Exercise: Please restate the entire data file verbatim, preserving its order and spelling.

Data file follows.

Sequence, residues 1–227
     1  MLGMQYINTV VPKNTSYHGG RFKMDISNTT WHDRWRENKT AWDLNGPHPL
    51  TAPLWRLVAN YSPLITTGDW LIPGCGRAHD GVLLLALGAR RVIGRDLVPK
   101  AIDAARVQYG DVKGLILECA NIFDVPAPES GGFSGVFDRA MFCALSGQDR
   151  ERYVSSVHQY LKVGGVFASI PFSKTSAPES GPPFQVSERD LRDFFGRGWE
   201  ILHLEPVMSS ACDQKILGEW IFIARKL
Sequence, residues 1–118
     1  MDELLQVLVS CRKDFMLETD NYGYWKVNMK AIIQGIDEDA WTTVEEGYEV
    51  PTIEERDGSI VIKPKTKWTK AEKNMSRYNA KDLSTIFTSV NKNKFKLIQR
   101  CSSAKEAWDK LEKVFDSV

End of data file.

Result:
Sequence, residues 1–227
     1  MLGMQYINTV VPKNTSYHGG RFKMDISNTT WHDRWRENKT AWDLNGPHPL
    51  TAPLWRLVAN YSPLITTGDW LIPGCGRAHD GVLLLALGAR RVIGRDLVPK
   101  AIDAARVQYG DVKGLILECA NIFDVPAPES GGFSGVFDRA MFCALSGQDR
   151  ERYVSSVHQY LKVGGVFASI PFSKTSAPES GPPFQVSERD LRDFFGRGWE
   201  ILHLEPVMSS ACDQKILGEW IFIARKL
Sequence, residues 1–118
     1  MDELLQVLVS CRKDFMLETD NYGYWKVNMK AIIQGIDEDA WTTVEEGYEV
    51  PTIEERDGSI VIKPKTKWTK AEKNMSRYNA KDLSTIFTSV NKNKFKLIQR
   101  CSSAKEAWDK LEKVFDSV